[Lady Gaga] wears a double-G tunic and pants with a mink over them, though [Patrizia] go to 42nd Street and find them all [counterfeit Gucci products]. In the other, she is at her daughter’s school sports day and wears a double G silk blouse with a tie collar and a brown leather skirt.
The only [Gucci items] that we bought ad infinitum appeared to be ties, belts and accessories. They had a lot of handbags in the archive, which was great because we could virtually choose something [Gaga] wore [on] every chance. I would say my cutter [Dominic Young] and his team probably made 65, 70 percent [of the costumes]. Then there was 20 percent vintage because there are some wonderful costume houses in Rome that had huge rooms with archives from the 60s, 70s and 80s, Yves Saint Laurent, Dior, whatever. A couple [costumes] came from LG’s personal archive which is huge. She had a house just for Versaces.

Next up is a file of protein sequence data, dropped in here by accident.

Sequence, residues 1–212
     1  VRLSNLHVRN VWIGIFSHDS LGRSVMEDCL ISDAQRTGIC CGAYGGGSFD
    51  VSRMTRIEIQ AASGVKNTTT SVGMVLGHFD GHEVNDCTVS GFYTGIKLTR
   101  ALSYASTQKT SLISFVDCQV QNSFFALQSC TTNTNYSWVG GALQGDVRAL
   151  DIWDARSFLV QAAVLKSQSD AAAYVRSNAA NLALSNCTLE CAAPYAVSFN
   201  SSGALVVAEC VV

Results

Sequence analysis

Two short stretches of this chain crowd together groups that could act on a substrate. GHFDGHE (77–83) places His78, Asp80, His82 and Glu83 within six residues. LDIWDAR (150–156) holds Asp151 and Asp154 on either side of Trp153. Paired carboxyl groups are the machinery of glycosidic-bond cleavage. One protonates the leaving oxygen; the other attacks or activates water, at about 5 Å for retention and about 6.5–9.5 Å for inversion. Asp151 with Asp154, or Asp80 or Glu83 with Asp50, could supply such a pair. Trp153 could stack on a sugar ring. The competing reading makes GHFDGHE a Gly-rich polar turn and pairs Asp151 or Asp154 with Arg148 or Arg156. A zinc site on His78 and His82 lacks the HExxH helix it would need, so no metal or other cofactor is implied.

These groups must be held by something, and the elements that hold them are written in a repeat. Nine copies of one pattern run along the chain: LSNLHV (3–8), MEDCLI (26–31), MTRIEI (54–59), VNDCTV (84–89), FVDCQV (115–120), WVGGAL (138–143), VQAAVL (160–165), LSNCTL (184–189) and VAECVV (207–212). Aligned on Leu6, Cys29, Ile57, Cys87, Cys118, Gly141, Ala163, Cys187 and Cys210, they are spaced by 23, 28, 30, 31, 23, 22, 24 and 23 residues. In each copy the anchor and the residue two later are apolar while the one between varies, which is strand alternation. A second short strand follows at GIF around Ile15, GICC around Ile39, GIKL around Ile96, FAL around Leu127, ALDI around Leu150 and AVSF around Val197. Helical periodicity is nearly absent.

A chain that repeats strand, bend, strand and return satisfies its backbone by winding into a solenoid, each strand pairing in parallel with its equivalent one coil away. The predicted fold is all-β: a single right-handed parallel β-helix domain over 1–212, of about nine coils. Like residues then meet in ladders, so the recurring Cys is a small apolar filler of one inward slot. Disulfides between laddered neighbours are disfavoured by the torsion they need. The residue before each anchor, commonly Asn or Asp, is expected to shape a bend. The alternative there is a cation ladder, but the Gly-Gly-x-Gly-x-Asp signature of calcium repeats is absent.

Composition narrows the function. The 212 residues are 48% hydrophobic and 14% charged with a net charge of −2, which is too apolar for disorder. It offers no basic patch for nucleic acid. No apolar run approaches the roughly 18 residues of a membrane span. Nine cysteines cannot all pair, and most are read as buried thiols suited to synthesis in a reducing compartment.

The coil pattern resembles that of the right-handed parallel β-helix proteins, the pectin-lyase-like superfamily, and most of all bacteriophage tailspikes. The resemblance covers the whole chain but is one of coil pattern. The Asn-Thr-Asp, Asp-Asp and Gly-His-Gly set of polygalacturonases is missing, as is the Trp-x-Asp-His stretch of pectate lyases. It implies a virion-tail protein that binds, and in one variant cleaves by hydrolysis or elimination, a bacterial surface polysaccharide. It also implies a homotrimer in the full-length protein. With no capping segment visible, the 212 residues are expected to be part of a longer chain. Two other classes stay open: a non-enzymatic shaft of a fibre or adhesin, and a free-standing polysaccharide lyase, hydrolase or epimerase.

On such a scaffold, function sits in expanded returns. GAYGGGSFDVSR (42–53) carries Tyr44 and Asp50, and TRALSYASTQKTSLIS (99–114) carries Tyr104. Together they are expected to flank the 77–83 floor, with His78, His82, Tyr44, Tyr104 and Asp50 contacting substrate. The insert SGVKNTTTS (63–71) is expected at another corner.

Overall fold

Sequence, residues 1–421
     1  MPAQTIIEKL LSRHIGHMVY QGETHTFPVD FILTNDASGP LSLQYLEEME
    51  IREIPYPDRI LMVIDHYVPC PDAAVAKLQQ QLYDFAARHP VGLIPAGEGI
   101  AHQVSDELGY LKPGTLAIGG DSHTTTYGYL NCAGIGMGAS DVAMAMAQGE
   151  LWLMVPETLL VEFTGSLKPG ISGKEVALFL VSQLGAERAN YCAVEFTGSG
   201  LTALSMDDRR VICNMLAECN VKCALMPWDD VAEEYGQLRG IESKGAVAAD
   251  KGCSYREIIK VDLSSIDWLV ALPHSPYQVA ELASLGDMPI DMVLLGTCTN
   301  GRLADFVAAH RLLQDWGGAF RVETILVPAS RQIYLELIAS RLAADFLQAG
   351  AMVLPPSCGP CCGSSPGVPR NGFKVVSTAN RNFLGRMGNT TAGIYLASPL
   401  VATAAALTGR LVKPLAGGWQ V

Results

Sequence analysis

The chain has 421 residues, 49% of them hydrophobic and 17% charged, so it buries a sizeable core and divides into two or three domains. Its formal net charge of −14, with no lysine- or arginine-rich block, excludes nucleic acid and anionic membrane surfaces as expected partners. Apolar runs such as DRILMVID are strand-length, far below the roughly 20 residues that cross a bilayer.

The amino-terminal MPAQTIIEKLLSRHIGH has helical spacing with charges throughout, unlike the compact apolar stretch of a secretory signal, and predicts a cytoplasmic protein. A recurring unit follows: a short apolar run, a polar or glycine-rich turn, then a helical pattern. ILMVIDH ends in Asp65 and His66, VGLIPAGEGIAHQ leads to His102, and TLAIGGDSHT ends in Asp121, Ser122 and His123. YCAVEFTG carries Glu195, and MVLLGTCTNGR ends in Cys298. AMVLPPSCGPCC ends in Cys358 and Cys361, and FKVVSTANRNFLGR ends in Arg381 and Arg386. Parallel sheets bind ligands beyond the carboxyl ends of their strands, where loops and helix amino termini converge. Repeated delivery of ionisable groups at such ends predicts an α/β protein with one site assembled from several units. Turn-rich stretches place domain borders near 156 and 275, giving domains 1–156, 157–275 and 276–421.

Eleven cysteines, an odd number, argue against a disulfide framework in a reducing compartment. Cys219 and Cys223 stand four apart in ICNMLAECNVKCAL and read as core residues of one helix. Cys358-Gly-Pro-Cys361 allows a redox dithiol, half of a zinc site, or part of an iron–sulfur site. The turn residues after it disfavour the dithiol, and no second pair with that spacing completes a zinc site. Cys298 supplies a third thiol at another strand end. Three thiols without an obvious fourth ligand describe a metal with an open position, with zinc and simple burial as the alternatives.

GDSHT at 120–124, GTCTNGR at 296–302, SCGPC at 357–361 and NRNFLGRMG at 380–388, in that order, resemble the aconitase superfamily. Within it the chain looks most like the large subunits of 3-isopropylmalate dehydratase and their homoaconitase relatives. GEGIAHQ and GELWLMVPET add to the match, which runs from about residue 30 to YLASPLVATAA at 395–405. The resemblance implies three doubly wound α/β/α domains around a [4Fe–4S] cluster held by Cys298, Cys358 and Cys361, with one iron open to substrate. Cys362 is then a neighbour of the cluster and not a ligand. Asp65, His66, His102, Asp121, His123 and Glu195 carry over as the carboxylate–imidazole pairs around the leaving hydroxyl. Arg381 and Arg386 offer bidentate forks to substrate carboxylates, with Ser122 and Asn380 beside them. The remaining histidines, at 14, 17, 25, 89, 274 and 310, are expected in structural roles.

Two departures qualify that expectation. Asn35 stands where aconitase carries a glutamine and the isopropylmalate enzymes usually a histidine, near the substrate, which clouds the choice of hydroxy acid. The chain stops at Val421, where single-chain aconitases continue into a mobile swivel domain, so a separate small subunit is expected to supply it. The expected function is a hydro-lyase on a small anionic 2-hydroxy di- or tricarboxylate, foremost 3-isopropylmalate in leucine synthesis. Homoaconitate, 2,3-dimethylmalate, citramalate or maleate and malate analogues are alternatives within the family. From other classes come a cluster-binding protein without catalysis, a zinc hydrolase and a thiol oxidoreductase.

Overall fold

Patrizia’s wardrobe changes when she joins the Gucci family after working as an accountant for her father. Can you talk about how her looks evolve as the movie progresses?
You had to have a wide berth because it was from 1975 to 1995 and my god, what an era. It’s amazing how different each year was from the next. The dress and the jacket [Patrizia Reggiani] to Aldo’s birthday party on Lake Como, which was a big reference to Gina Lollobrigida, but it also made her look pretty innocent. So let’s start with her in little cashmere twin sets and such to seduce Maurizio. She becomes very modest and very reserved in her clothes. And then we just gradually tried to ramp it up a bit.